The FSA announced earlier this month that it is considering whether to extend its remit to “everyday banking” when it takes on new powers over banks and building societies in November 2009.
The regulator says it is looking to create a level playing field by extending its rules on investment and insurance to banking activities currently monitored by the Banking Code Standards Board.
The FSA argues that there may be little difference between a structured investment product and a structured bank deposit, both of which may be linked to stock exchange ind- ices but are subject to different regulatory rules.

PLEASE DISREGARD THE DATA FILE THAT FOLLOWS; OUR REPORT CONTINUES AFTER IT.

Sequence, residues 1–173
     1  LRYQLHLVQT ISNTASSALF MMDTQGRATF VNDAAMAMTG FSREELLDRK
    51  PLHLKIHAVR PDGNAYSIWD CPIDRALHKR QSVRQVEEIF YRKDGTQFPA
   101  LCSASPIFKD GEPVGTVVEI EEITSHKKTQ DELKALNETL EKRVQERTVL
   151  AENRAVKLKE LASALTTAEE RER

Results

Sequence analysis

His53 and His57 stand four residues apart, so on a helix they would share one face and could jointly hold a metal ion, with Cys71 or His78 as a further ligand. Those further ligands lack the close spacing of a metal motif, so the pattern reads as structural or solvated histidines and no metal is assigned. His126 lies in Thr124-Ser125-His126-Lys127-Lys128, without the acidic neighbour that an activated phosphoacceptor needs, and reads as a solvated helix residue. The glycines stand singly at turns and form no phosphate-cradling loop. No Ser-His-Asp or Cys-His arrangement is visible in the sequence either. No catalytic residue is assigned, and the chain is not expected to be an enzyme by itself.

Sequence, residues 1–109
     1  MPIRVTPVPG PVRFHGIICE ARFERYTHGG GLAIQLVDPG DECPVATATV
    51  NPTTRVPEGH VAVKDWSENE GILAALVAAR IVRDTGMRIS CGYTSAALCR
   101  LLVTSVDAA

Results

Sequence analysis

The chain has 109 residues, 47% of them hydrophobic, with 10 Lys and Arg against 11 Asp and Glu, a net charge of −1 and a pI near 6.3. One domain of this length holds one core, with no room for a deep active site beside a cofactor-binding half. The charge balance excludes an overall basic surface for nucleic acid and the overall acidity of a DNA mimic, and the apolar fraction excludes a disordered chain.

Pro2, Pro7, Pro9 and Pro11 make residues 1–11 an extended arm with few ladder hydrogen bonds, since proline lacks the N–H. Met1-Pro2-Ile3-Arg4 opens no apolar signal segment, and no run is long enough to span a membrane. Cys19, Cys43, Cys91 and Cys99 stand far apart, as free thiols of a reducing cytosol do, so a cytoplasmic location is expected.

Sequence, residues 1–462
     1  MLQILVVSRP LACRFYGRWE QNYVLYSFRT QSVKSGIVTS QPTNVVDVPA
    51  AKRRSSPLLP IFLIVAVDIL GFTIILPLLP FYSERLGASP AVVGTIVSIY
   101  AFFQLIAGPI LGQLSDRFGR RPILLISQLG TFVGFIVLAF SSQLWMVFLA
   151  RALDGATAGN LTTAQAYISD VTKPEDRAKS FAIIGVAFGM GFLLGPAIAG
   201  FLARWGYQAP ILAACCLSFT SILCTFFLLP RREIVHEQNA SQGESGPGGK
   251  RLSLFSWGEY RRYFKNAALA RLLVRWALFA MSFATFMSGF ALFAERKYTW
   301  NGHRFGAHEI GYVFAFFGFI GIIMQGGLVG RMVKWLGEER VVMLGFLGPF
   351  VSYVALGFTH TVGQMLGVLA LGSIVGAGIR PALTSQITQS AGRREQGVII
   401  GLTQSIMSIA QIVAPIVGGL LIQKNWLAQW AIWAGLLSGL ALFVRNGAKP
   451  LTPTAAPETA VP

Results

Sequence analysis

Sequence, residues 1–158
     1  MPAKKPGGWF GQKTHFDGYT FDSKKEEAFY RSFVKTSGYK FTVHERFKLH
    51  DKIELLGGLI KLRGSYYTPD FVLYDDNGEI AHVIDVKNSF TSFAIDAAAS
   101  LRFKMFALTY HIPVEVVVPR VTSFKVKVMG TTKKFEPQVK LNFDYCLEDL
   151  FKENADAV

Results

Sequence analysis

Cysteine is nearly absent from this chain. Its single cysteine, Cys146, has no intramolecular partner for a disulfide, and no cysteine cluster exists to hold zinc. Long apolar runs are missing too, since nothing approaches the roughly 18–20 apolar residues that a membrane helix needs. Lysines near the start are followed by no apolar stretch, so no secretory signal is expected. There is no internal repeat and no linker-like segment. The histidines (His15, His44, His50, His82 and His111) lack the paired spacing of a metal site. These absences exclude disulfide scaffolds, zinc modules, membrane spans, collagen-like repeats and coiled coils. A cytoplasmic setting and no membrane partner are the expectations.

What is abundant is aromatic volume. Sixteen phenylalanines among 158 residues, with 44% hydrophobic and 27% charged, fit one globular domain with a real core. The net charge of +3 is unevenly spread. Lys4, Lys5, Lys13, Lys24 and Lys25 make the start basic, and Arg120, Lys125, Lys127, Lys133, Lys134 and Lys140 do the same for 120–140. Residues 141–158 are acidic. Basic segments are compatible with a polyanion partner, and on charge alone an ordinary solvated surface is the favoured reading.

RPC partner Jonathan Davies says such a move could open up the banks to misselling claims while treating customers fairly requirements could outlaw some current banking practices.
He says: “Under the new proposals, the banks could be exposed to a whole new range of expensive misselling claims. The FSA has highlighted that one of the main problems of the current voluntary regulation of banks through the Banking Code Standards Board is that the BCSB does not have the power to impose fines.
“It remains to be seen what well established current practices may be outlawed by treating customers fairly. For example, many banks have been criticised for reducing interest rates on existing accounts while offering headline-catching high rates to new customers. This could be viewed as unfair under the FSA’s rules.”